Growth Coach: Be a leader that challenges assumptions, isn’t afraid to take risks, and solicits ideas from their people. This approach will encourage creativity in your people, which in the long run will nurture them to think independently. Also, leverage unexpected situations as opportunities to learn and find better ways to execute tasks.


Inspirational and Motivating: Provide a vision that is both appealing and inspirational to your people. This will motivate them to achieve high standards, feel optimistic about the company’s goals and provide a strong sense of purpose for their part in the plan to meet those goals. It is important to make the vision understandable, precise, powerful and engaging. Your people will then be willing to invest more effort in their tasks, will be more encouraged and optimistic about the future and in themselves.


Walking the walk: Provide a high ethical behavior, inspire pride, in turn, gain respect and trust. You can’t just talk the talk, you MUST walk the walk. Be willing to work side by side with your people. Let them know you have their back no matter the situation.


You may be reading this and saying, This is overwhelming, do you realize how much time this will take? I don’t have that kind of time. I want to encourage you to follow the 2% change rule. The 2% change rule encourages business owners to make small incremental changes that will create compound results, 2+2 could equal 6 or 8 because you implemented changes that compounded on each other. Let’s face it, most people hate change, if it’s not broken don’t fix it. By implementing change that encourages their input on the vision for the company, you’ve suddenly asked them to take more ownership. When they own the process, they will be driven to ensure the proper results.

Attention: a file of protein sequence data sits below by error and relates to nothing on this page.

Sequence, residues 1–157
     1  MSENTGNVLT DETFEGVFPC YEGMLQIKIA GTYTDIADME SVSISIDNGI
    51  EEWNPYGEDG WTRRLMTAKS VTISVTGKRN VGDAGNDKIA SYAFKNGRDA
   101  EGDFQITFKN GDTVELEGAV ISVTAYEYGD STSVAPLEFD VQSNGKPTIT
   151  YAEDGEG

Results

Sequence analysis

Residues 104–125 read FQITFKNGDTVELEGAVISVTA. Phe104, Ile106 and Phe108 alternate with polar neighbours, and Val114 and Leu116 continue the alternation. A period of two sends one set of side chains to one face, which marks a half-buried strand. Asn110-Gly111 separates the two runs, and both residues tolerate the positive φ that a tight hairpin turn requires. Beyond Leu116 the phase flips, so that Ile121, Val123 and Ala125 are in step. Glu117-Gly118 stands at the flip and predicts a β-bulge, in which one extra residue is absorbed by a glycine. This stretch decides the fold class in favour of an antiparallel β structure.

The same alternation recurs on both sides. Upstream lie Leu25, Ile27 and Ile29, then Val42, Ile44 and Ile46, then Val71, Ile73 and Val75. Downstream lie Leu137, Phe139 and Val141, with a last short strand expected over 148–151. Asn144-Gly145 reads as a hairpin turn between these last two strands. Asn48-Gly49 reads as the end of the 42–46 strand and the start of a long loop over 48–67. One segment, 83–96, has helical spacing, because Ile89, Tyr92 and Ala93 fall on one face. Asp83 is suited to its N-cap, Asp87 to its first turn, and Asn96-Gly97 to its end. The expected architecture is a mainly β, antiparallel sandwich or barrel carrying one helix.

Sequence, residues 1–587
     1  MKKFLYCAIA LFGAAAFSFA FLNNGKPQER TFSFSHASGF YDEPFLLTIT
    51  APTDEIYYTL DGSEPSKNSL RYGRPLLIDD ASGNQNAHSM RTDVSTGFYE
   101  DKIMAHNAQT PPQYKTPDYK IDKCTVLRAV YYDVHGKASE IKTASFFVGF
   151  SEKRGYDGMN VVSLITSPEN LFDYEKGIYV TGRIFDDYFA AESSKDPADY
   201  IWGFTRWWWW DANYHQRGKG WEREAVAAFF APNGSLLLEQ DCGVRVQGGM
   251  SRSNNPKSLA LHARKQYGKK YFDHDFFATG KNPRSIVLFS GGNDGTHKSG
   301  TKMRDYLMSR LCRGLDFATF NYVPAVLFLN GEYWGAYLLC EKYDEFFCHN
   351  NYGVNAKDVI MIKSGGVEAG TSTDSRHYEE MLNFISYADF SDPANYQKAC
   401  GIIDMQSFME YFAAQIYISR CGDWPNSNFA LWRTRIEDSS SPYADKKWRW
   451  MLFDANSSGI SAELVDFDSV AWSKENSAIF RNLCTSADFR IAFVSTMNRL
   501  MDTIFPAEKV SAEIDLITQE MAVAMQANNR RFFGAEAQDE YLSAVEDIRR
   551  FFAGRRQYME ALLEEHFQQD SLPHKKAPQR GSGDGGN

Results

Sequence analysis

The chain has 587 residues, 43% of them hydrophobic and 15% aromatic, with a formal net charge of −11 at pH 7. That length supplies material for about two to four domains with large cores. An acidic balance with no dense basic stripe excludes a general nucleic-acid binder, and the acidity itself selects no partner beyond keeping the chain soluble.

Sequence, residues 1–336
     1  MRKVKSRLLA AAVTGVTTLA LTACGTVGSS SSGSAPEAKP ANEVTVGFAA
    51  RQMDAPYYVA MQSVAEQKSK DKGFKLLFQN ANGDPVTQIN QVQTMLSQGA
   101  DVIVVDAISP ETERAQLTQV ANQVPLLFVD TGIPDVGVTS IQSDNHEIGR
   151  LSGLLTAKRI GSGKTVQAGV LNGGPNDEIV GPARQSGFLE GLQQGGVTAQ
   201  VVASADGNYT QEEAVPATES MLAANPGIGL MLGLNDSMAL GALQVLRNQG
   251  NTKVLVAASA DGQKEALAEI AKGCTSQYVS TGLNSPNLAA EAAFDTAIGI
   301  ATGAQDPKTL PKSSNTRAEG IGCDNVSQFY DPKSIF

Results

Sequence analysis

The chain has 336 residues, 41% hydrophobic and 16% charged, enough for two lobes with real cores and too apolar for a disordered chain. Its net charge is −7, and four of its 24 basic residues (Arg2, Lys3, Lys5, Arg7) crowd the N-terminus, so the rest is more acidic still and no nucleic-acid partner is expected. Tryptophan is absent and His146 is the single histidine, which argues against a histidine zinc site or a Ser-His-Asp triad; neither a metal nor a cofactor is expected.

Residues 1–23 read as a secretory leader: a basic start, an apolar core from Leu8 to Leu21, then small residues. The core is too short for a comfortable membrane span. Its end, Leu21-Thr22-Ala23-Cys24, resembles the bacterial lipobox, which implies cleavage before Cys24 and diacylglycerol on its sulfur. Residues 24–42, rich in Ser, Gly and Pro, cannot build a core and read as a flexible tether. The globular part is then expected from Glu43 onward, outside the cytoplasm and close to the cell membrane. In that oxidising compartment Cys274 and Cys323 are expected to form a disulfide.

Here are the results, retention of your people is critical to your growth. You need a solid foundation of people to support your company when it grows. It takes time and effort to get your people trained properly. Every time one or two leave, you just threw money out the door because now you have to give the new person the same or maybe more hours to get trained. Those are hours that could be used to grow your business. The second thought is that when your people feel part of the vision and the process, every one of them becomes a salesperson for the company. You never know who you will meet and where, but when someone asks what they do, they will proudly talk about the company. There is nothing better than when your people can say this is my company too! When they can say that, the sky's the limit to how much you can grow knowing that you are on a solid foundation.


Do you want to learn more about changing your business culture through Transformational Leadership? Click Here to book a 1-hour free consultation with me